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Artificial intelligence (AI) has become a major part of several industries across the world, from healthcare to retail to financial markets, where its impact is often lauded and easily quantifiable. Yet, some industries have not fully embraced AI technologies. In the talent acquisition world, AI-powered solutions are often confused with automation tools.
Despite the confusion, artificial intelligence is acknowledged as a next-generation trend that will revolutionalize the talent industry: An average of 35% of hiring managers and recruiters across the world say in a 2018 LinkedIn report that AI is the top trend that is changing how they hire. Artificial intelligence will inevitably play a bigger role in talent acquisition in the years to come. But what is the ROI of these AI-powered tools like Censia, also called talent intelligence? It is best to start with the individual cost drivers that talent intelligence can impact, both in the short and long term.
The Society for Human Resource Management (SHRM) published survey results in 2016, stating that the average cost-per-hire is about $4,129. The cost-per-hire metric was developed to measure the costs linked to sourcing and recruiting activities performed by the employer in order to fill an open position. Though it cannot measure the productivity or economic value of an employee post-hire, it is a good way to measure the economic value of the recruiting effort. Simply put, the cost-per-hire is calculated as the mean average of the total costs of hiring divided by the number of hires.
The total costs of recruiting are driven by internal and external cost factors, where internal factors are related to the internal staff and organizational costs of recruiting, while external ones are accrued by external vendors or consultants.
Here are some examples of internal costs due to recruiting efforts:
Here are some types of external costs that arise due to recruiting efforts:
It must be said that the cost-per-hire metric is an attempt to measure the cost-effectiveness of recruiting, but cannot account for other parts of the recruiting decision, such as the quality of hires.
The examples of internal and external cost factors listed above stem from the various recruiting activities or services that must be performed to fill an open job listing. A large fraction of internal costs is the cost of a recruiter’s time in salaries/benefits. Many recruiters spend a large amount of time sourcing candidates, which they often report can consume almost 25-35 hours of their time.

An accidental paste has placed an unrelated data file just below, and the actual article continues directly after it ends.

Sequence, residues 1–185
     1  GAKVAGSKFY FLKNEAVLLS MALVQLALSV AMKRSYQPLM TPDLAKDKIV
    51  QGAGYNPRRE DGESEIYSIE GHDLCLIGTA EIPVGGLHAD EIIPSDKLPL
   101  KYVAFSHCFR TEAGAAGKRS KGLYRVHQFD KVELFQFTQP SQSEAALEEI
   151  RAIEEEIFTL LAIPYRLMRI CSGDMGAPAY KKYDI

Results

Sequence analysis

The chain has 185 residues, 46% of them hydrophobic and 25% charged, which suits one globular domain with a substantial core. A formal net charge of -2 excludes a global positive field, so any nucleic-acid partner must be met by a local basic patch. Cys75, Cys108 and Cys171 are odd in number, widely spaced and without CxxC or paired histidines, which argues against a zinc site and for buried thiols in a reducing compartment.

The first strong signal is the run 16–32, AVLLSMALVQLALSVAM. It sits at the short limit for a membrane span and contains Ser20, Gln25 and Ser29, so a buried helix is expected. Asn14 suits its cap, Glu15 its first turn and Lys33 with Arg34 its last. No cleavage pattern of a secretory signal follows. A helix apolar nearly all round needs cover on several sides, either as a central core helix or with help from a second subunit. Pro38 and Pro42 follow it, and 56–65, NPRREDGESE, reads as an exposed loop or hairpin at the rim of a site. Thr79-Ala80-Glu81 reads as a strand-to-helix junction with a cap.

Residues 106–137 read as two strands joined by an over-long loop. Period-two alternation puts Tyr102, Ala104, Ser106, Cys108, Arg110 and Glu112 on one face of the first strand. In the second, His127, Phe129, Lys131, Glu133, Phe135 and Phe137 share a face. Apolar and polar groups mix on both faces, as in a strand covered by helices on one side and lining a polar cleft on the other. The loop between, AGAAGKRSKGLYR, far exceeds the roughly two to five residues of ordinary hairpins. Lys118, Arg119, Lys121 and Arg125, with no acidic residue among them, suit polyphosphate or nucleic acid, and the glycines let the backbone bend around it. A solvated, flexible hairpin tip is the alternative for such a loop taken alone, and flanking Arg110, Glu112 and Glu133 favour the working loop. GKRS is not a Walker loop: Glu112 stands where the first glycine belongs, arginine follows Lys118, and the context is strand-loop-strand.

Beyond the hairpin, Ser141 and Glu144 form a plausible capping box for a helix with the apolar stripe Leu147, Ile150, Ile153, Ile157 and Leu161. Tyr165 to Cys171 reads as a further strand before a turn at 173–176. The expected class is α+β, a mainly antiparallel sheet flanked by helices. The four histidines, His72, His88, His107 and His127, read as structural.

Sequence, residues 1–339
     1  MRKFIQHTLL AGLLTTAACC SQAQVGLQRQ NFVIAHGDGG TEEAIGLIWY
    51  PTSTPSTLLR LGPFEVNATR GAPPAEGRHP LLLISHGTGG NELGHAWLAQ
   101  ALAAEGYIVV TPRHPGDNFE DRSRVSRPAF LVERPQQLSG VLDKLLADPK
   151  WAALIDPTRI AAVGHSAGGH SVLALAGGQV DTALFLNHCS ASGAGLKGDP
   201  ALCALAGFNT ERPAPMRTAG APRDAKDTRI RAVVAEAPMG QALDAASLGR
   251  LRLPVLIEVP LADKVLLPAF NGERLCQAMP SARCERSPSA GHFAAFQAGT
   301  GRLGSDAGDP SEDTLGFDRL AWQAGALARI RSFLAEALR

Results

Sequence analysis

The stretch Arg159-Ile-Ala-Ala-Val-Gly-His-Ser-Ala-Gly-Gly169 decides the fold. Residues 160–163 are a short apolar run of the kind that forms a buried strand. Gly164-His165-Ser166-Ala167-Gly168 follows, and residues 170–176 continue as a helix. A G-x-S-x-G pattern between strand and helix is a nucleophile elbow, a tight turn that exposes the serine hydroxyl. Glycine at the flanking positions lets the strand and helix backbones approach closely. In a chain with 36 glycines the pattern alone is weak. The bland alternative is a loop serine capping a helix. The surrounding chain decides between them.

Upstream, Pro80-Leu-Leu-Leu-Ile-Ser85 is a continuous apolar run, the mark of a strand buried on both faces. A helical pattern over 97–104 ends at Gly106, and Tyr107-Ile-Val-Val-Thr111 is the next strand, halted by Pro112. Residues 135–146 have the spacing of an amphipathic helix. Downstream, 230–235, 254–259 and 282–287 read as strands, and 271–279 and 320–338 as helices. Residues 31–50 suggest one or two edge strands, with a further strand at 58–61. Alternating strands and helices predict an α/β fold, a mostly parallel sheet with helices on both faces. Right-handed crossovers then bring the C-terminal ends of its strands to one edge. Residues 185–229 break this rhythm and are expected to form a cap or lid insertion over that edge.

With regard to sourcing, AI-powered talent solutions like Censia can give recruiters instant access to some of the largest candidate pools of white-collar workers in the world, and deliver to them a ranked shortlist of highly-qualified candidates. This means they no longer have to spend hours searching on professional social media networks, using the same keyword search strings that many other recruiters are using.
In the LinkedIn report mentioned near the beginning of the article, 67% of recruiters and hiring managers who agreed that AI is a bold disruptor confirmed it is saving them time, and 58% said that AI is most helpful when sourcing candidates.
Implementing talent intelligence can also reduce spend on external cost factors, such as marketing and advertising expenses or external agencies. AI platforms like Censia help enable the search for top talent in a different way, through modeling ideal candidates, unlike the old paradigm of keyword search on social media platforms. Advertising costs on social media networks can be reduced or even eliminated in some cases.
In an ideal world, the cost-effectiveness of recruiting would mean hiring the best candidates for your organization, in the shortest amount of time, at the least cost. AI-powered talent solutions can help you get there, especially when your team must hire qualified candidates as quickly as possible and retain them for decades to come.